But now you have this huge monetary uncertainty from the Fed. At the same time, the VIX is more or less near its lowest levels that it's seen since the pandemic at the time that the policy is the most cloudy. That's really quite a thing for the market to have to handle. That could set up for something being on the wrong foot if the market is disappointed.

AKIKO FUJITA: Steve, let's talk about another story we've been following over the last few days, which is the crackdown on these Chinese tech companies, DiDi obviously the very latest here. It feels like there is a regulatory squeeze happening on both ends over in China, obviously, trying to close that loophole of these companies that are listed abroad and then over in the US, calling for more transparency around these listings. As an investor, do you just stay away from these Chinese companies? Or do you think there's still an investment case given the growth potential within their business?

STEVE SOSNICK: I'm going to sort of split the needle a little bit, Akiko. I'm going to say that there is still an investment thesis for these Chinese companies, but I think investors in the US have to impart a bigger amount of risk premium to these companies. What does that mean? It means either paying less for them or having smaller holdings in them, which also doesn't help the price.

I think what's been demonstrated first with the Alibaba and now financial stories and now the DiDi story that the Chinese government has its own set of motivations which are not necessarily aligned with foreign shareholders. And we can argue whether or not DiDi was alerted to this, and that's a whole other animal, but it's clear that regardless of whether there was a heads up given or not, whatever the latest moves were from China, they were not particularly user friendly.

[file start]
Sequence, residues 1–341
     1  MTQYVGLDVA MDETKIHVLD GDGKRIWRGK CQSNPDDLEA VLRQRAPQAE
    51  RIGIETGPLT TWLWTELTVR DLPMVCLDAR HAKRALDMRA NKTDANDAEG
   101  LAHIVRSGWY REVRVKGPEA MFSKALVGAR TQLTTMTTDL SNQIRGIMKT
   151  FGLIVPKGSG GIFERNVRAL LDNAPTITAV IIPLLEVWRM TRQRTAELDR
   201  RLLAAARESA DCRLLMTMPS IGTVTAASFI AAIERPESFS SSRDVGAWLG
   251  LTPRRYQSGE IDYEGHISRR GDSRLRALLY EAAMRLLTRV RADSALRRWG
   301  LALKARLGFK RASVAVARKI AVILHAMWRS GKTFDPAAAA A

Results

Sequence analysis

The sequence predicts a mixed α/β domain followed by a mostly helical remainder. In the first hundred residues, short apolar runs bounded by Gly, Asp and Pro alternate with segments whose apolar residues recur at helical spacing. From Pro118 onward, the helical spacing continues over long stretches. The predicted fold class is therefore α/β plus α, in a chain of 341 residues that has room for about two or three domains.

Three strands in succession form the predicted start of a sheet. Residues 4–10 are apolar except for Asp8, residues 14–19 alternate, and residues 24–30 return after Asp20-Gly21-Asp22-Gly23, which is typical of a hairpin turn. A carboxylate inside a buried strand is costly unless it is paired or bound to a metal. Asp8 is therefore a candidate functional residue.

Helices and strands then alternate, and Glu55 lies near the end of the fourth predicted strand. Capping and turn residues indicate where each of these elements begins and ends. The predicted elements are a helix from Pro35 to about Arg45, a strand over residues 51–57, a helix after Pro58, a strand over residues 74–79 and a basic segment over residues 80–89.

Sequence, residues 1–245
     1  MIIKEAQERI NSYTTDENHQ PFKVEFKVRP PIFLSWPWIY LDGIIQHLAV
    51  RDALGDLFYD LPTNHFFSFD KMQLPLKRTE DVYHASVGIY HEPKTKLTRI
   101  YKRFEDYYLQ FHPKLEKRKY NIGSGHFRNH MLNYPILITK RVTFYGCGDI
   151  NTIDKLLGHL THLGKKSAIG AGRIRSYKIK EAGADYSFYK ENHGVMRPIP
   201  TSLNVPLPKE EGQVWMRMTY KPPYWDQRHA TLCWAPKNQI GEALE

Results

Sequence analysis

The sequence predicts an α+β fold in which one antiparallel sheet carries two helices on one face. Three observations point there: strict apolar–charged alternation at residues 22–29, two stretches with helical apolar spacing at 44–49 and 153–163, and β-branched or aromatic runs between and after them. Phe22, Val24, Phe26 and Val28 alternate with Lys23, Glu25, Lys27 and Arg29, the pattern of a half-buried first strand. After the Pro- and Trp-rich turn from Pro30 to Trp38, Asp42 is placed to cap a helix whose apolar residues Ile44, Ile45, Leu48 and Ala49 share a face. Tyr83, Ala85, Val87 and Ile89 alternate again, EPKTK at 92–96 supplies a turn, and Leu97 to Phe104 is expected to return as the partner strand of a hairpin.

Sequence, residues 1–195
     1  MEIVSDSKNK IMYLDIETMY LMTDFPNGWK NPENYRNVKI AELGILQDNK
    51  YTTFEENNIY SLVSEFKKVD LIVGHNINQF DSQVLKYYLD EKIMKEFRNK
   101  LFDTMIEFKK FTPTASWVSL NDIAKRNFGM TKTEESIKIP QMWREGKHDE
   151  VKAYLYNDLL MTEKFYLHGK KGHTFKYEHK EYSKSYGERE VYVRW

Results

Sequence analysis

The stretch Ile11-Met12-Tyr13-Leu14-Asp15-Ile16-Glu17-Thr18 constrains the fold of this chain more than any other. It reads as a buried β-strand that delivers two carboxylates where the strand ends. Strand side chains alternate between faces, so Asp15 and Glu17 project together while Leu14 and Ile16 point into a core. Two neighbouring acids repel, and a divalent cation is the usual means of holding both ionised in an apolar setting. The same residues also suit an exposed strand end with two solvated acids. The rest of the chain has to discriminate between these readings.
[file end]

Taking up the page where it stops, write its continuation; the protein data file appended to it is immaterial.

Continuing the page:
They're clearly very eager to keep a tight rein on data and the companies that generate data and store data. And to that end, I think US investors, it's very tough to have clarity as to what is in the minds of the Chinese regulators. And as a result, since they've shown that those moves are not particularly shareholder friendly, they're going to do what they're going to do regardless.

I think you have to be much more selective or much more price sensitive if you are investing in Chinese companies. It doesn't mean you shouldn't. The growth story is enormous. There's certainly upside in China, but I think it requires a lot more price and risk discipline than investors had been putting in prior. And that's why you see the price action that we're seeing.

BRIAN CHEUNG: Yeah, an interesting point there. It's not just about the regulators scaring companies that are trying to go public in the United States, but maybe even scaring the investors stateside and globally into Chinese stocks that even might be listed on US exchanges. But again, Steve Sosnick, Interactive Brokerage Chief Strategist, thanks for stopping by this morning.